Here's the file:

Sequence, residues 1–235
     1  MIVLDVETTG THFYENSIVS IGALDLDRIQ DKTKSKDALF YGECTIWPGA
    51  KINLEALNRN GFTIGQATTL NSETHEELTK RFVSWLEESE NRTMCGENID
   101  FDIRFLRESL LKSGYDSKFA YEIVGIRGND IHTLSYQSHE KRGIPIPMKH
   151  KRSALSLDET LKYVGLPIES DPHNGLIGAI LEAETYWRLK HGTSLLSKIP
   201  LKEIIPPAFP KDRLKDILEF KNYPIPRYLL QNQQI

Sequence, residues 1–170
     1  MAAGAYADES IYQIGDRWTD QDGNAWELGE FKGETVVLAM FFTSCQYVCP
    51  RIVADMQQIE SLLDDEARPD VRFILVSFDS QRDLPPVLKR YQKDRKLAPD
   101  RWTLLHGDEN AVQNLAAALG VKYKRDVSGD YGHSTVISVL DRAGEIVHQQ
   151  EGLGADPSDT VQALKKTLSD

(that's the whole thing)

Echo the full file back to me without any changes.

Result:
Sequence, residues 1–235
     1  MIVLDVETTG THFYENSIVS IGALDLDRIQ DKTKSKDALF YGECTIWPGA
    51  KINLEALNRN GFTIGQATTL NSETHEELTK RFVSWLEESE NRTMCGENID
   101  FDIRFLRESL LKSGYDSKFA YEIVGIRGND IHTLSYQSHE KRGIPIPMKH
   151  KRSALSLDET LKYVGLPIES DPHNGLIGAI LEAETYWRLK HGTSLLSKIP
   201  LKEIIPPAFP KDRLKDILEF KNYPIPRYLL QNQQI

Sequence, residues 1–170
     1  MAAGAYADES IYQIGDRWTD QDGNAWELGE FKGETVVLAM FFTSCQYVCP
    51  RIVADMQQIE SLLDDEARPD VRFILVSFDS QRDLPPVLKR YQKDRKLAPD
   101  RWTLLHGDEN AVQNLAAALG VKYKRDVSGD YGHSTVISVL DRAGEIVHQQ
   151  EGLGADPSDT VQALKKTLSD